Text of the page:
It was around twenty minutes later that the patrol returned; well within their one hour window. Just as they had departed, the two thestrals returned almost silently, their leather like wings making next to no noise, unlike the feathers of pegasi. Emerging out of the darkness, the pair alighted almost directly in front of Dusk and Flintlock, who were discussing the finer points of logistics with Dusk’s general staff.
For a moment, Dusk’s face betrayed a hint of surprise, the sudden arrival of his subordinates having caught him off guard. However, he quickly masked this with a friendly smile; it would hardly do to let them see that they had spooked him.
“Ah, excellent, you’re back,” he greeted them. “Well, what have you to report?” The older of the pair spoke up after saluting.
“Sir, we conducted a thorough aerial observation of the town, from the western approach, and across, including the old mission.”
“How does it look, can we billet ponies there?” Dusk enquired.
“It looks a little worn, sir. But the walls and main doors are still intact. It should serve as a useful base camp and as a defensive position if needed.” Dusk grinned, his biggest concern, aside from the obvious potential threat, was that the mission, due to age and damage, would not be defendable.
“Excellent, and what about the town?”
“We made three passes, sir. And we couldn’t see anything untoward. There is certainly no large enemy force there. As for the civilian population, they seemed to be going about their evening, no signs of weapons or any organised groups. I’d say the place is perfectly safe.” Flintlock scowled at the somewhat flippant remark, but otherwise was impressed. The pair then gave a brief outline of the town’s layout.
San Maretonio was a typical frontier town. Simple wooden buildings, all collected together to form one main street. At the head of it was Governor’s House where the mayor lived. On either side was a collection of businesses, including a saloon and a general store where supplies could be bought through bartering. Just outside the town, connected by a well-trod path, was the old mission, known as the Moonflower.
Surrounded by high stone walls, the Moonflower was almost a fort in its basic design. One main door at the front was large enough to accommodate carts and wagons. There were only a couple of other entrances and these could easily be defended or blocked off altogether. Inside the mission, there were a number of buildings; the Lunar temple itself, a couple of bunkhouses, as well as some storage buildings, all of which could be used as further defensive positions, in the event the walls were breeched or scaled. Even better, the thick walls had a sort of catwalk running all the way around at the top. On this, it would be possible to station sentries, as well as the few canons they had. All in all, it was an excellent place to hole up in.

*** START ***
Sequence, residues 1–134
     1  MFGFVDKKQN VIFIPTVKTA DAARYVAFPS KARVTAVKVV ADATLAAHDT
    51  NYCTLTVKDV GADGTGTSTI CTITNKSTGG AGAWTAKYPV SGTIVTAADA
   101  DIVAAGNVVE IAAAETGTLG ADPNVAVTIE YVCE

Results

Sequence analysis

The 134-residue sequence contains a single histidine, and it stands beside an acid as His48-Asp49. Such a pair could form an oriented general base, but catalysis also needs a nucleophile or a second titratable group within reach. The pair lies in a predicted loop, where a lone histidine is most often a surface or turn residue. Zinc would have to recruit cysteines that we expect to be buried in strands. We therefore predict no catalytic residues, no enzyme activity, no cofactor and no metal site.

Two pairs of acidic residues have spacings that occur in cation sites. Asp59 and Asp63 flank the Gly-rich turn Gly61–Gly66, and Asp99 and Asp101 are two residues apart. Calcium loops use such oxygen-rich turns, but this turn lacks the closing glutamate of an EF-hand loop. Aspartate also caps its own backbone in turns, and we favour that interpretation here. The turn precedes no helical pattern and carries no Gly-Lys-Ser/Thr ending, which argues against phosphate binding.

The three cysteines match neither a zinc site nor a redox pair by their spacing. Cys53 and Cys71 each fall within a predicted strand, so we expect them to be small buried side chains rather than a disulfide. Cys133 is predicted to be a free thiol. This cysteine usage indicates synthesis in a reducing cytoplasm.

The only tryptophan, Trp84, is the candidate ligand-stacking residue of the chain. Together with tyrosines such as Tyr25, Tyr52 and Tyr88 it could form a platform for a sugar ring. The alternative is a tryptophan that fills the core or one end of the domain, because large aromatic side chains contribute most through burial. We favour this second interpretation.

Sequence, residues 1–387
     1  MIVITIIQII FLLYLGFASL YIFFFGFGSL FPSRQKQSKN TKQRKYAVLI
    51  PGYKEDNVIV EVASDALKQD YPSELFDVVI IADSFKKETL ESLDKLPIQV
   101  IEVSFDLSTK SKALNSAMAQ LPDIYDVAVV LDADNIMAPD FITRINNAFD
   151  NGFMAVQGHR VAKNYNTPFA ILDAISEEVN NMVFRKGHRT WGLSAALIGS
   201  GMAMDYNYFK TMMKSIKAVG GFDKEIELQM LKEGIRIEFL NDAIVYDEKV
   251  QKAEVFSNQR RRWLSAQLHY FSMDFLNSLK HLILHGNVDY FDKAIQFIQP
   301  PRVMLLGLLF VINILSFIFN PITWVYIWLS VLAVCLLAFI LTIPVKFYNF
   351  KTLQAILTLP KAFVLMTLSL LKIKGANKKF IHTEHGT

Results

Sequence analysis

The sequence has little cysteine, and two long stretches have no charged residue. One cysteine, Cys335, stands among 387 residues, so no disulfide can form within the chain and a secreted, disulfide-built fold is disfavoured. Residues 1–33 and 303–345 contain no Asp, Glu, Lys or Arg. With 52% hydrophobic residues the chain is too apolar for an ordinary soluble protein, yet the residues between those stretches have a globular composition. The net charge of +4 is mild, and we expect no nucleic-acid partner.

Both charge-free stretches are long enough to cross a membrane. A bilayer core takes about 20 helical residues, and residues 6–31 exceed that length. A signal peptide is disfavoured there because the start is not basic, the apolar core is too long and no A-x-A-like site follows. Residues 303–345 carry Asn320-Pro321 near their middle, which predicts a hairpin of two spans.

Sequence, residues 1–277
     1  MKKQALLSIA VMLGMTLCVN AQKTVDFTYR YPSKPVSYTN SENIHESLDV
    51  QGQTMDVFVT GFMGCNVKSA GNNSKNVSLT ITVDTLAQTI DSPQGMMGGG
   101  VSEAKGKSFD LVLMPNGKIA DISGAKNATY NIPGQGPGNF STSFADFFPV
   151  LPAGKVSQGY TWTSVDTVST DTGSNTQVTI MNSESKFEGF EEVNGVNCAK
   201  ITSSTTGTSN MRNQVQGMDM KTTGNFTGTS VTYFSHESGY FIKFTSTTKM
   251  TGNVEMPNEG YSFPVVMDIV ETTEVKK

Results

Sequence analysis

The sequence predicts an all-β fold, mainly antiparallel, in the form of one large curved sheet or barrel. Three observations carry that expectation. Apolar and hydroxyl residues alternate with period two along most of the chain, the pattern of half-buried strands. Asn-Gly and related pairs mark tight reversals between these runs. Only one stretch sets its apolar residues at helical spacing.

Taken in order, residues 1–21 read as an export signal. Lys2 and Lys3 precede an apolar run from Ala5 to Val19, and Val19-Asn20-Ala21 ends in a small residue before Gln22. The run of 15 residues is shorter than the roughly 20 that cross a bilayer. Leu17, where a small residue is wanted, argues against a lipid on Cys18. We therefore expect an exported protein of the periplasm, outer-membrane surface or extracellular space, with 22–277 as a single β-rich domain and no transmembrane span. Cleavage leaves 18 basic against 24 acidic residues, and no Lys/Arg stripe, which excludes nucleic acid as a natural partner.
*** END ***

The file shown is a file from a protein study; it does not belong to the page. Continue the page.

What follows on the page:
And so, satisfied that there was no immediate danger to resting in the town for a few days, Dusk ordered Flintlock to move his guards into the town in order to make a path for the civilians. They would all move through the town, and settle around the Moonflower. Most of them would be resting outside its walls, but if needed, the mission offered a safe haven as it always had. Just as in other nations, a pony could, if in flight from persecution, step onto holy ground and claim sanctuary.
Whilst they would still be, for the most part, sleeping in tents or wagons, they would now have the luxury of running water, and freely available food and medicine, as well as any other supplies they needed. It would still be a far cry from their old lives, but it was a step in the right direction.
And so, just before eleven o’clock, the weary, battered column finally made its way into San Maretonio. Led by the guards, the civilians steadily made their way through the town towards the safe haven of the Moonflower. Most of the foals had fallen asleep and were being carried by their parents; the hour was far too late for them.
Everypony was simply exhausted, the long trek, combined with the heat, and now the rapidly encroaching cold had left everypony tired. The two more recent pauses to their progress had also served to put everypony on edge. But now, having entered the town without incident, everypony slowly began to relax.
A few residents of the town were still out, evidently waiting to greet them. The odd store here and there was still lit, as was the saloon, whose owner extended an offer of free drinks for all the guards in the group. Said offer was diplomatically, but nonetheless firmly, declined by Star Dusk, much to the irritation of the lower ranks. Still, they were satisfied with the promise of eventual leave, just as soon as they were set up in the Moonflower. Until then, they were still very much on duty.